Chuck Hagel’s first major speech as secretary of defense is receiving the sort of attention that one would expect. But the real news will be made when the Obama administration’s budget hits the streets, reportedly on April 10th. As the saying goes, “show me the budget, and I’ll show you your priorities.”
For now, Hagel’s speech at the National Defense University focused on the sorts of reforms pushed by his predecessors, Robert Gates and Leon Panetta, with mixed success.
Much more hard work, difficult decisions and strategic prioritizing remains to be done. Deep political and institutional obstacles to these necessary reforms will need to be engaged and overcome.
…the military’s modernization strategy still depends on systems that are vastly more expensive and technologically risky than what was promised or budgeted for. We need…an acquisition system that…rewards cost‐effectiveness and efficiency, so that our programs do not continue to take longer, cost more, and deliver less than initially planned and promised.
Of course, Hagel is right. There is still enormous waste and inefficiency within the Pentagon. The Army’s discovery of $900 million in unnecessary parts, and Sen. Tom Coburn’s Department of Everything report, remind us that not every dollar is spent wisely. In some cases, it appears that no one knows what has been spent, or why, which is why I’m a fan of a Pentagon audit.
A more restrained foreign policy would generate savings well in excess of $1 trillion over the next decade. Calls for other countries to do more to defend themselves finds favor within the scholarly community (e.g. here, here, here, and here), and with the American people. But Gates and Panetta rejected such a strategic shift. They were, no doubt, following the lead set by the president, who declared in his 2012 State of the Union address that the United States would continue to underwrite the security of the entire world (and, left unsaid, allow every other country to free ride on the backs of U.S. troops and U.S. taxpayers).
Short of a strategic shift toward self‐reliance, however, Hagel has fixed on reforms that could produce significant savings. Specifically, “fiscal realities,” he explained,
demand another hard look at personnel – how many people we have both military and civilian, how many we need, what these people do, and how we compensate them for their work, service, and loyalty with pay, benefits and health care.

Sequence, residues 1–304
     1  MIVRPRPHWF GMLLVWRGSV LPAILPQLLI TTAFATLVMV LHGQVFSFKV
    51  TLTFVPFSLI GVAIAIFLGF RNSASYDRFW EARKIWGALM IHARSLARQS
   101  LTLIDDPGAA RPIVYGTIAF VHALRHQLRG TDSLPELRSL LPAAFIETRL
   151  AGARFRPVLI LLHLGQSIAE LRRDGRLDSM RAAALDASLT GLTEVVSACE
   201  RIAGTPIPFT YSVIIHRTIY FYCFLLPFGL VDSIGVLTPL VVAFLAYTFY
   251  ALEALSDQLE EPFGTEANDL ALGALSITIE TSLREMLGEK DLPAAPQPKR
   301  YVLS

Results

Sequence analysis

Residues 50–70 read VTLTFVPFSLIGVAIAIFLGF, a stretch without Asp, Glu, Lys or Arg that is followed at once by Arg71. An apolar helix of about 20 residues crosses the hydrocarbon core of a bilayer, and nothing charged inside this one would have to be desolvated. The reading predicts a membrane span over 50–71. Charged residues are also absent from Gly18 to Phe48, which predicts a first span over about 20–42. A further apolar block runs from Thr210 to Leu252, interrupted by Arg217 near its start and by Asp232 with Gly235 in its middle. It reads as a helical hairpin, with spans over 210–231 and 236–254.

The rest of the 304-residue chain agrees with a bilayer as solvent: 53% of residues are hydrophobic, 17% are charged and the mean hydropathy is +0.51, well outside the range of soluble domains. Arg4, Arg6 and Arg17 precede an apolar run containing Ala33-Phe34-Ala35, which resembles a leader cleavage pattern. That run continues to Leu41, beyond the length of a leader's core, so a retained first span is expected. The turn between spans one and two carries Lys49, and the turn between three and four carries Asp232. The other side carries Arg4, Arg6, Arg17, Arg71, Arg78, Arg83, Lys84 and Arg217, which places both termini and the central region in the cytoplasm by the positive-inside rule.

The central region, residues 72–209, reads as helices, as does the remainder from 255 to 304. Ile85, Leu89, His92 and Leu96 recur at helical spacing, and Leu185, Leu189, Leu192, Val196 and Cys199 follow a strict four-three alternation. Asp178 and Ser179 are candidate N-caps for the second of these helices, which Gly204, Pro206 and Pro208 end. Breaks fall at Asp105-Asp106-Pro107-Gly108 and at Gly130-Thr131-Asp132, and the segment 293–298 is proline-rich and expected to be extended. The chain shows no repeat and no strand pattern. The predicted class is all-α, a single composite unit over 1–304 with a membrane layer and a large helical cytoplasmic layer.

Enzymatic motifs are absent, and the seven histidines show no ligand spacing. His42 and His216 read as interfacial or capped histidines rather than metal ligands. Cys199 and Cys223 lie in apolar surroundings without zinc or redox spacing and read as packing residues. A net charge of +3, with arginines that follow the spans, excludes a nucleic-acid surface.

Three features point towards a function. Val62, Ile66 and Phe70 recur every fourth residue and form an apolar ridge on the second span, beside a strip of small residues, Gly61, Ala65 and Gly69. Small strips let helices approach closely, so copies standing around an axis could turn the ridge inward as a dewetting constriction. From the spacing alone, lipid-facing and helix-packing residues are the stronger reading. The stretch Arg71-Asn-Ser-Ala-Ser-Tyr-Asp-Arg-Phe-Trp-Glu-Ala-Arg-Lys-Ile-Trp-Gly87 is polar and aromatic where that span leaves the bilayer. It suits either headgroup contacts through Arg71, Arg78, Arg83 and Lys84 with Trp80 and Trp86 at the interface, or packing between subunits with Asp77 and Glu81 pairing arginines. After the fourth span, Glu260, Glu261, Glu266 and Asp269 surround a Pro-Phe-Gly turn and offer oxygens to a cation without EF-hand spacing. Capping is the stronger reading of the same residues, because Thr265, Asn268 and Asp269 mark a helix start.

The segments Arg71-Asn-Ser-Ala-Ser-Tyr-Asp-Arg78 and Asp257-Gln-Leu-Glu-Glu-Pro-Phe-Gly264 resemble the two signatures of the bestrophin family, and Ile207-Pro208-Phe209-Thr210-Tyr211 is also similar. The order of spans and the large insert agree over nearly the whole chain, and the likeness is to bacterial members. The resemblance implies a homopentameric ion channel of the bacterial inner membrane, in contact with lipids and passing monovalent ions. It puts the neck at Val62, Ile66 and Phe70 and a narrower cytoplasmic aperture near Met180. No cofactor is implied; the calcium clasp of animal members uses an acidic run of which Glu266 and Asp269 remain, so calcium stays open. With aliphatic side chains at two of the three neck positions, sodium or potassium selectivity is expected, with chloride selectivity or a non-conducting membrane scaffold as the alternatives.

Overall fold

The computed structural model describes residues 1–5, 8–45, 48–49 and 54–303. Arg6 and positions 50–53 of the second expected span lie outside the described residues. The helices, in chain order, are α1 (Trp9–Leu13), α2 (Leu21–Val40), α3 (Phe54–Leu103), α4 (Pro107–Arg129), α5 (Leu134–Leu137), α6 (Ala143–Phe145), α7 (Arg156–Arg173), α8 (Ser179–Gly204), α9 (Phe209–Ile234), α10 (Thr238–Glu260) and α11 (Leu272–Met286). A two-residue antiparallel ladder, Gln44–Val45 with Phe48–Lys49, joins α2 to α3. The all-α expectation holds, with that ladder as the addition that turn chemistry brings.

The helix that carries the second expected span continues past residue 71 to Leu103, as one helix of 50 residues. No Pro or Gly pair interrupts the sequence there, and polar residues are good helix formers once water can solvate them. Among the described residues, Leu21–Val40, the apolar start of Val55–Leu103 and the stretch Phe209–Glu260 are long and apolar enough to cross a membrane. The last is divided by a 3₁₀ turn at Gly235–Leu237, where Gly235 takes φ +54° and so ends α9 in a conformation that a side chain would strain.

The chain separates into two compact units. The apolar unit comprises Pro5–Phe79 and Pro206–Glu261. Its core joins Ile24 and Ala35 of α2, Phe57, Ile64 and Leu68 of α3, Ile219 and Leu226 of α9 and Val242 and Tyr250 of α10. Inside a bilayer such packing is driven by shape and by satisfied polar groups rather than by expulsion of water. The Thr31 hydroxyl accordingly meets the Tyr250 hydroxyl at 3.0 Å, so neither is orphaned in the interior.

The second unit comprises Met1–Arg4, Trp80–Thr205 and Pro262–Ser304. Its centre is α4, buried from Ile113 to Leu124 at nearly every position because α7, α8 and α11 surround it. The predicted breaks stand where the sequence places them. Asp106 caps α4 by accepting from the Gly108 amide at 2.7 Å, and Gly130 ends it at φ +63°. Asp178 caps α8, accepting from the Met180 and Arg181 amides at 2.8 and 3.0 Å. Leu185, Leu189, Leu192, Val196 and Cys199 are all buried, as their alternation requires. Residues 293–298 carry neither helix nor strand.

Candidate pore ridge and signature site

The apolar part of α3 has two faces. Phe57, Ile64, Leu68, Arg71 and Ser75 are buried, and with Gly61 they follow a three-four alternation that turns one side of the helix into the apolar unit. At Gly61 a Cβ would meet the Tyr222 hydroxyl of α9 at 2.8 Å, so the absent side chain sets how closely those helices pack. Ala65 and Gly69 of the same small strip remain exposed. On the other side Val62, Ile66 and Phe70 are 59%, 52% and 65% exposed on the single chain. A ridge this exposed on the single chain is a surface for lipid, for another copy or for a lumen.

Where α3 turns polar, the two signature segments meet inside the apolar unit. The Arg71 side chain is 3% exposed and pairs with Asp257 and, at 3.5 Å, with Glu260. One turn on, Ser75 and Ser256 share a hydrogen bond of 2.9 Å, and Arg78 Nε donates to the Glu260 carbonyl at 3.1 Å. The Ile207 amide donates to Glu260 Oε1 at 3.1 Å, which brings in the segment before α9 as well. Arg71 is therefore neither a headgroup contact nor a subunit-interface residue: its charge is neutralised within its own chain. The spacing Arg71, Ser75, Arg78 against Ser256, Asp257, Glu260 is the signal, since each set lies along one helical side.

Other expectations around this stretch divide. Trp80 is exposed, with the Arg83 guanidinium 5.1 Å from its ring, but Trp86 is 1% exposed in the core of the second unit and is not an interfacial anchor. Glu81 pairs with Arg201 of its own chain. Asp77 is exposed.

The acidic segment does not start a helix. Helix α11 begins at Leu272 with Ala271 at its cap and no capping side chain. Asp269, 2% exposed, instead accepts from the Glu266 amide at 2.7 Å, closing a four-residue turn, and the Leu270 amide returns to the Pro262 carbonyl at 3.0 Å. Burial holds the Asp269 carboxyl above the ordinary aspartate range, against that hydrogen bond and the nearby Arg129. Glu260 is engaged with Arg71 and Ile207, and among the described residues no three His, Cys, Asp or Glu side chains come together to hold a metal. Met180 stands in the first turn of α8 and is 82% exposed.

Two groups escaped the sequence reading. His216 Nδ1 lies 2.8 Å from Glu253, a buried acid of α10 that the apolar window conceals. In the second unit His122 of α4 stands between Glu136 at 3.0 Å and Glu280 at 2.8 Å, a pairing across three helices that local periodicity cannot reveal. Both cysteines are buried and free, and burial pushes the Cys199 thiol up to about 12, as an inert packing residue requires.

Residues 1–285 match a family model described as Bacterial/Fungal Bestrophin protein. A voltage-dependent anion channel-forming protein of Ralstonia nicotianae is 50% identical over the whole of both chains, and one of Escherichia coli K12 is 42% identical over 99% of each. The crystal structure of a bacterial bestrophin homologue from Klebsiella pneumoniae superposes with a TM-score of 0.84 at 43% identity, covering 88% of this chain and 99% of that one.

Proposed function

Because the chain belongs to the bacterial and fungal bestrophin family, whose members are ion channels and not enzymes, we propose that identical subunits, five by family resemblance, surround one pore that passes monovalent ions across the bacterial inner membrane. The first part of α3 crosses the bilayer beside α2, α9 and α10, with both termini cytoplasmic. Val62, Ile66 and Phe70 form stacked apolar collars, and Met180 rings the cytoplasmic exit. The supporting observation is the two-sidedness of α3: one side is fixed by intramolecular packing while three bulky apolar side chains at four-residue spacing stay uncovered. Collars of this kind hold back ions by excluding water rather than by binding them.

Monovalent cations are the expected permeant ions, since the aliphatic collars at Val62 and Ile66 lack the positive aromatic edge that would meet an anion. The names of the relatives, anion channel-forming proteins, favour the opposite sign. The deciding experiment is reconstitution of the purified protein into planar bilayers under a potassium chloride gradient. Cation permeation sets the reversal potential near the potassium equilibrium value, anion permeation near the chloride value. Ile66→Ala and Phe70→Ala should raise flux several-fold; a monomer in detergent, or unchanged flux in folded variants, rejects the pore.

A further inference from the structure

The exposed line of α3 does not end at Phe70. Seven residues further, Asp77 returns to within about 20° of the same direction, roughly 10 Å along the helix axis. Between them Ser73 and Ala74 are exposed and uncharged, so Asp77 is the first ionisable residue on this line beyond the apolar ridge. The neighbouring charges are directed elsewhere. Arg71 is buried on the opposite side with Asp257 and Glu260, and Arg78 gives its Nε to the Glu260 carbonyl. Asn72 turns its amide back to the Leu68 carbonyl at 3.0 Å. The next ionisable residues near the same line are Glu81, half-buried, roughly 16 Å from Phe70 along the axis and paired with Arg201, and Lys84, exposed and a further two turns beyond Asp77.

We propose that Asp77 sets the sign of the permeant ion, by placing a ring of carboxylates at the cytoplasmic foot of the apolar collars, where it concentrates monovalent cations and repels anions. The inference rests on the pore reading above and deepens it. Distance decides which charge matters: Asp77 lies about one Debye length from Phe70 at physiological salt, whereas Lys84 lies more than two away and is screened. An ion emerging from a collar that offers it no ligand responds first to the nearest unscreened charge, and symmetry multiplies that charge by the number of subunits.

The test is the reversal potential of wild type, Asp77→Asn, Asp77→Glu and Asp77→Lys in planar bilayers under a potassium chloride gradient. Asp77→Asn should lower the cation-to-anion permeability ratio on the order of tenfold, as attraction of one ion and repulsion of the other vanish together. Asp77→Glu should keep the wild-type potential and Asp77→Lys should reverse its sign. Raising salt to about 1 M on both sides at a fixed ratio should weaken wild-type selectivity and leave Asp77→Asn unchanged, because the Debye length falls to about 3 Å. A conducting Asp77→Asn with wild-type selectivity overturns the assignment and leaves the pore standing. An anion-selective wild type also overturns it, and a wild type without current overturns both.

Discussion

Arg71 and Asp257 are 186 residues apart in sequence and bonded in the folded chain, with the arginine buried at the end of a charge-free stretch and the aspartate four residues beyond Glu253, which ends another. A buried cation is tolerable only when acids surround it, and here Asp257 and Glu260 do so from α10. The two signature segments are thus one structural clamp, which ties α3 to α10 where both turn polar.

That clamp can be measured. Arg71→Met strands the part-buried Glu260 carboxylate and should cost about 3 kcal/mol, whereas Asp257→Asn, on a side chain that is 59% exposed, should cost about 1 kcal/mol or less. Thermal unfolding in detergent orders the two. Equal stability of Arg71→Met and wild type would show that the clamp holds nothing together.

Unfortunately, and I’m sure that he knows this, reducing payrolls and reforming pay and benefits also happen to be the most difficult to achieve politically.
Democrats typically oppose cuts within the civilian workforce, part of what Hagel referred to as the “world’s largest back‐office.” The number of civilians on the DoD payroll is 15 percent higher than in 2001, although it has come down slightly since the high point in 2011. Spending over that same period has grown at an even faster rate, up more than 25 percent in real, inflation‐adjusted dollars. If Hagel is serious about cutting costs, temporary furloughs won’t be enough; the DoD civilian workforce must shrink permanently.
He must also tackle pay and benefits for active‐duty military personnel, and health care spending, especially for working‐age retirees. Gates famously said that “health care costs [were] eating the Defense Department alive,” but members of Congress have repeatedly blocked even minor reforms to TriCare for Life. Meanwhile, the mere suggestion of reforms to the decades‐old military retirement system elicits fierce opposition.
But I think that we may be approaching the point, perhaps soon, when a bipartisan coalition steps in to apply the brakes. At an event that we hosted last month, I asked Barry Blechman of the StimsonCenter, Jacob Stokes from the Center for a New American Security, and Steve Ellis of Taxpayers for Common Sense, if there was any realistic alternative to major reform of the military’s pay and benefits. They all said that there was not.
If a dozen other DC think tanks are willing to admit publicly what is painfully obvious to even casual observers, that might provide sufficient political cover for members of Congress to allow such reforms to go forward.
At least, I would like to believe that it could. Just as General Motors is fast becoming a pension payment company that builds cars on the side, the U.S. military is becoming a pension and health care organization that occasionally fights wars.